Outdoor Lighting for Fall
Pictured: Kichler River Path
Fall can mean a few different things depending on where you live. If you live in a warmer climate, you may not experience a dramatic temperature change, so you can keep using your outdoor living spaces even as the months change! If you live in a cooler climate, you may be thinking about how to help visitors find your home for special occasions like Halloween and holiday get-togethers. Outdoor lighting can help you do all these things and more! Here are some great outdoor lighting tips for fall.
Light your walkways and doors
Pictured: Hinkley Shelter
Make sure that your driveway (or stairway, walkway or any other path that leads you to a door) is well-lit by using path lights. Place each path light about 6 feet apart and stagger them on both sides of the driveway, stairway or walkway for an even, not-too-bright wash of light.
Pictured: Feiss Pediment
At your front door, make a statement and be seen with outdoor wall lights. But make sure you aren’t using ones that are too small! If you are only using one lantern, choose one that is one-third the height of the door. Standard door height is 6 feet 8, or 68 inches, so 1/3 of 68 is 22.6. Using two? Make that one-quarter the height of the door. (That’s 17 inches if you have a standard height door.)
Other doors are well-served by outdoor wall lights or flood lights, if you want a little extra security.
Lighting a garage door? The same rules about size apply here too.
Watch your step
Pictured: LBL Vitra
If you have a deck or steps, consider adding another touch of safety with deck and step lights. These little fixtures can be placed inside or beside steps to better illuminate the area. You might also want to put these fixtures at the edges of your deck or anywhere else that could use a touch of light.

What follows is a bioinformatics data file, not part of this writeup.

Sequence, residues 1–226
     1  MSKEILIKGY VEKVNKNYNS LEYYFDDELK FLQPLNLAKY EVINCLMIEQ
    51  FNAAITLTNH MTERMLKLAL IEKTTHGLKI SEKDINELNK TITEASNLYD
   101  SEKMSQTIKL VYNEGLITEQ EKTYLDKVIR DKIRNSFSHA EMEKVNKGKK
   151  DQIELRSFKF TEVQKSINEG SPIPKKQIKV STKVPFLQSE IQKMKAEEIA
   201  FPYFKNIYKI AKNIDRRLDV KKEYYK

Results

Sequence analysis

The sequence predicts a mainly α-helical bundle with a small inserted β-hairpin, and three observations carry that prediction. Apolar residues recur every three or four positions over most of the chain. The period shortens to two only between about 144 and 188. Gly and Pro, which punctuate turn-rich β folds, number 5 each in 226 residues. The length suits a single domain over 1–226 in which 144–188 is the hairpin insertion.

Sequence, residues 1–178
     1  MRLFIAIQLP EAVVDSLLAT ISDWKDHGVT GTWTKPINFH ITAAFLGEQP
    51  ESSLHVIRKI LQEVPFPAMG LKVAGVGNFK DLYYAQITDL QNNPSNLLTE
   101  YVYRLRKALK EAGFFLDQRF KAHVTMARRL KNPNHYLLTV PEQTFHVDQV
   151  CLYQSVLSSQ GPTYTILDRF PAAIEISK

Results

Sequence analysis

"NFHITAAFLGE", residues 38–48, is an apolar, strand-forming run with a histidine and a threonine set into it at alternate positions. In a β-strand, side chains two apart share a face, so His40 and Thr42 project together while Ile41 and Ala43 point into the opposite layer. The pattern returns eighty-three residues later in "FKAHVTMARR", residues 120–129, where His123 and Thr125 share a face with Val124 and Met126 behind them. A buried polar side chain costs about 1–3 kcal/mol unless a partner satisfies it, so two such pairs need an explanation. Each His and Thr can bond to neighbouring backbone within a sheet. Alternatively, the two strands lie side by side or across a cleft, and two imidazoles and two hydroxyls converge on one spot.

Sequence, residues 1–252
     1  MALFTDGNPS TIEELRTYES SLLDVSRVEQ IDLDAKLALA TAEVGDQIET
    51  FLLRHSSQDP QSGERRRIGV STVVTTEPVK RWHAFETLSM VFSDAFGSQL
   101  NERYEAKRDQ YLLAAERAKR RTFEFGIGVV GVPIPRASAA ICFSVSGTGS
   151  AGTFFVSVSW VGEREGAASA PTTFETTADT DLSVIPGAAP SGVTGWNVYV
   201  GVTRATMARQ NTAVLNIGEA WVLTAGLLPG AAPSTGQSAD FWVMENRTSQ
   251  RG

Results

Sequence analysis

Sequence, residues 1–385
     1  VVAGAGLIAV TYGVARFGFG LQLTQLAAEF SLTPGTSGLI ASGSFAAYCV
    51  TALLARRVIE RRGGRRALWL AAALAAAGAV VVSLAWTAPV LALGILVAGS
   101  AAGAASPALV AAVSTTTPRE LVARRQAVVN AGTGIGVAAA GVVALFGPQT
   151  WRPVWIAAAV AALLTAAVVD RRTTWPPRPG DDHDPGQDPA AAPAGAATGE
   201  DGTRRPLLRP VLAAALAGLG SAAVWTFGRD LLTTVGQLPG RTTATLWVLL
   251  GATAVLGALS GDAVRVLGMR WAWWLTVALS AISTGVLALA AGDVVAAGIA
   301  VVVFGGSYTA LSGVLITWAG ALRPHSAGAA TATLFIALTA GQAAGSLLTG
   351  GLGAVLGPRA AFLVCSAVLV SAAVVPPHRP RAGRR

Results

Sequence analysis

Pictured: Kichler deck lights
Show off your home's fall features
Landscape lighting can help spotlight interesting features on your home, like stone walls, trees, topiaries or other foliage. There are a few different methods you can try:
Pictured: Kichler spot light
Uplighting – this means lighting an object from below (light pointing up, hence the name) to create a focal point. It’s a great way to spotlight trees. Get the look with a single spot light aimed right at the tree or other cool object.
Pictured: Hinkley spot lights
Silhouetting – this brings dramatic light to an object, like a tree or statue. Get the look by putting a single spot light between the object and the front of your home, then aim the light at your home instead of the object.
Pictured: Kichler spot lights
Wall washing – this means providing subtle, overall illumination on a wall or surface. You probably guessed it, but this is perfect for spotlighting walls, such as stone work. Get the look by putting spot lights along the front of the home.
Pictured: Kichler spot light
Grazing – this emphasizes a textured surface like climbing ivy or a stone wall. Get the look by placing a spot light within a foot of the surface and aiming the light beam parallel to the surface.
Hang out outside
If you are able to keep using your outdoor spaces in autumn, why not make sure those areas are well-lit too?
Pictured: Savoy House Weston
Try making these spaces more inviting by using outdoor chandeliers or outdoor pendant lights. These fixtures look just like their indoor counterparts, but are designed to withstand the elements. Look for lights with a damp area rating if you're using them in a covered area, like a patio. Look for lights with a wet rating if you're using them in an uncovered area, like a pergola.
Pictured: Monte Carlo Peninsula
Ready to shop? Browse our full selection of outdoor lights. If you need more advice about illuminating your great outdoors, try Lighting Ideas by Room and How-To Lighting Guides. You can also call us at 1-866-688-3562.
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